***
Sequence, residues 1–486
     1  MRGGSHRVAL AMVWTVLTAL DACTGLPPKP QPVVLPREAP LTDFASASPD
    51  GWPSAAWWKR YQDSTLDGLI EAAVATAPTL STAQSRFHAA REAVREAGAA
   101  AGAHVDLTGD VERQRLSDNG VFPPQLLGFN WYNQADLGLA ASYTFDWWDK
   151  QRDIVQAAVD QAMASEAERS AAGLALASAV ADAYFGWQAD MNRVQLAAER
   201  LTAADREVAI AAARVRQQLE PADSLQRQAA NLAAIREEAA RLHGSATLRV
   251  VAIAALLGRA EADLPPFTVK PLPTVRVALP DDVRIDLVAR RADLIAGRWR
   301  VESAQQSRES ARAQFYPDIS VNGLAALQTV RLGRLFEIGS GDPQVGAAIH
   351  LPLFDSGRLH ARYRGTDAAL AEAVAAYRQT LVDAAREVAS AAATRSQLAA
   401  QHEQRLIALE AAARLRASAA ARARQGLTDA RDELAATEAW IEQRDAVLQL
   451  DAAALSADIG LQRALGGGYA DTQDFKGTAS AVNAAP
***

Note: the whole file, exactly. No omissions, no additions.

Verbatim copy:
Sequence, residues 1–486
     1  MRGGSHRVAL AMVWTVLTAL DACTGLPPKP QPVVLPREAP LTDFASASPD
    51  GWPSAAWWKR YQDSTLDGLI EAAVATAPTL STAQSRFHAA REAVREAGAA
   101  AGAHVDLTGD VERQRLSDNG VFPPQLLGFN WYNQADLGLA ASYTFDWWDK
   151  QRDIVQAAVD QAMASEAERS AAGLALASAV ADAYFGWQAD MNRVQLAAER
   201  LTAADREVAI AAARVRQQLE PADSLQRQAA NLAAIREEAA RLHGSATLRV
   251  VAIAALLGRA EADLPPFTVK PLPTVRVALP DDVRIDLVAR RADLIAGRWR
   301  VESAQQSRES ARAQFYPDIS VNGLAALQTV RLGRLFEIGS GDPQVGAAIH
   351  LPLFDSGRLH ARYRGTDAAL AEAVAAYRQT LVDAAREVAS AAATRSQLAA
   401  QHEQRLIALE AAARLRASAA ARARQGLTDA RDELAATEAW IEQRDAVLQL
   451  DAAALSADIG LQRALGGGYA DTQDFKGTAS AVNAAP